History & Genealogy

Glazier & Painter

The Le Nobels were also not without merit in art. On January 7, 1866, a young man was born in Middelburg, Jacobus Willem le Nobel. Early in his youth he was interested in drawing. Eventually he became known as a prominent glazier.

A glazier is an artist who makes artistic glass objects that can be placed in a building like a window. A glazier designs and creates stained glass panes or stained glass for, among other things, church buildings. Jacobus also made his windows and glasses for municipalities, companies or private individuals. A glazier is sometimes also called glass artist.

Jacobus was a son of Adrianus Willem le Nobel, manufacturer in Middelburg and Anna Maria of the Chamber. As an 18-year-old he worked in the trade in Congo, but he had to return to the Netherlands because of tropical diseases. He attended the Academy for Visual Arts in Rotterdam and obtained the drawing certificate at the Rijksschool voor Kunstnijverheid Amsterdam. Because he wanted to be a painter, he went to Paris where he made stage decors. He returned to the Netherlands again when he was appointed as manager and draftsman at the Koninklijke Nederlandsche Glasfabriek J.J.B.J. Bouvy in Dordrecht.

In 1893 he married Adriana Spel and together they had 3 children, Anna Maria Adriana (b.1894), Johannes (Jan) Adrianus Jacobus (born 1895-1979) and Adriana Jacoba (born 1899). He earns a living as draftsman / glass etcher in Rotterdam and in 1896 he starts a company with a draftsman Gerrit David Labots under the company name "Le Nobel and Labots". Things went so well that they also opened a branch at the Overtoom in Amsterdam. Jacobus mainly did this establishment, which soon began to outwit the Rotterdam business. In 1903 the company was dissolved and both partners continued the company under their own name, each in their own place. Labots in Rotterdam and le Nobel in Amsterdam. At some point 'Atelier le Nobel' moved to the Kerkstraat in Amsterdam and gained national fame.

Jacobus came into contact with the architect Joseph Cuypers, who supervised the construction of the Rijksmuseum Amsterdam. In 1905 he commissioned Cuypers to design stained-glass windows for the Rijksmuseum, with weapons from founders and donors from the museum. In the 'Atelier Le Nobel', designs by others were also made and, in addition to windows, lamps in the style of the Amsterdam School were also made.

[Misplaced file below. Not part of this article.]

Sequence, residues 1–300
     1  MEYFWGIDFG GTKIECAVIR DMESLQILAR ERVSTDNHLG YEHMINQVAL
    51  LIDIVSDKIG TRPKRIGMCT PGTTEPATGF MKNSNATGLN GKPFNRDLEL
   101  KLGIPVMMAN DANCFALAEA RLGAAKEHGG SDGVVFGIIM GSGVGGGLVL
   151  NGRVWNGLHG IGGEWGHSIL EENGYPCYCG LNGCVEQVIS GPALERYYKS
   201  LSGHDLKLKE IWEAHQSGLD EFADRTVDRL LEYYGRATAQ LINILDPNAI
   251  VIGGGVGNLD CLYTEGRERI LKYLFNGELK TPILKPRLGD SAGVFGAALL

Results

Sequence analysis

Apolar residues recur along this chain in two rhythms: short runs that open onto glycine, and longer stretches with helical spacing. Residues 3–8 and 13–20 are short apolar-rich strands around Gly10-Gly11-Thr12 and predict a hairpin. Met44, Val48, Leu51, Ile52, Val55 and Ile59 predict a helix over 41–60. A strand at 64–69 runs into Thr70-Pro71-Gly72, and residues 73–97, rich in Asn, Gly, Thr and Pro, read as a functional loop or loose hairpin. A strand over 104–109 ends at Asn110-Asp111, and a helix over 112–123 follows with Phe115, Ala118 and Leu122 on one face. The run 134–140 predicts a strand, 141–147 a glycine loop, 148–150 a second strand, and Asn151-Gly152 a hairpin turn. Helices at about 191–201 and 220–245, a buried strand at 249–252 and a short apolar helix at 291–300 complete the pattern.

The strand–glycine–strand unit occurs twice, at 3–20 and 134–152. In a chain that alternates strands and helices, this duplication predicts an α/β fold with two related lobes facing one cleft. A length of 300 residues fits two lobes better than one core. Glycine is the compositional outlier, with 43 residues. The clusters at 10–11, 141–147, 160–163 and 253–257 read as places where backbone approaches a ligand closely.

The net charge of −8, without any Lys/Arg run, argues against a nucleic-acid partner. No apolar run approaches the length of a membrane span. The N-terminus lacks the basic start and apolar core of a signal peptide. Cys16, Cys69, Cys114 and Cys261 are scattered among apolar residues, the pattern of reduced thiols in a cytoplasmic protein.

Jacobus le Nobel was prominent in his field. The architect Cuypers was co-organizer of the course Secondary and Higher Architecture Onderzicht, to which Jacobus was connected in 1908-1909 and 1912-1913 as a lecturer in glass painting. In the magazine "Architectura" he published in 1911, on request, a series of articles about his profession (now also in any case worth reading). Jacobus is described as a calm, very honest man who was obsessed with his profession / art and who only wanted to deliver top quality.

In about 1921 the glass workshop moved to the Gedempte Oude Gracht in Haarlem. Later they settle at the Wilsonplein. His son Jan and his youngest daughter Adriana worked at Jacobus in the business. On December 29, 1924 Jacobus, 58 years old, dies. His son continues the business, but hardly designed himself. In 1929 Frans Balendong (1911-1998) joined the glass studio 'le Nobel'. Here he designed, among other things, the windows of Vroom and Dreesman in Haarlem. Until 1932 he remained in the service of 'le Nobel'. Frans was not only a glazier but also a sculptor. He then opened a shop in religious art and started his own studio in Haarlem.

The crisis of the 1930s (the biggest economic depression of the twentieth century) means that fewer and fewer orders are coming in and it goes downhill with the business. In 1940, the Netherlands also became involved in the Second World War. During these years of war, Jan and Adriana le Nobel stopped the business and sold the property. Only after the Second World War would the Dutch economy actually flourish.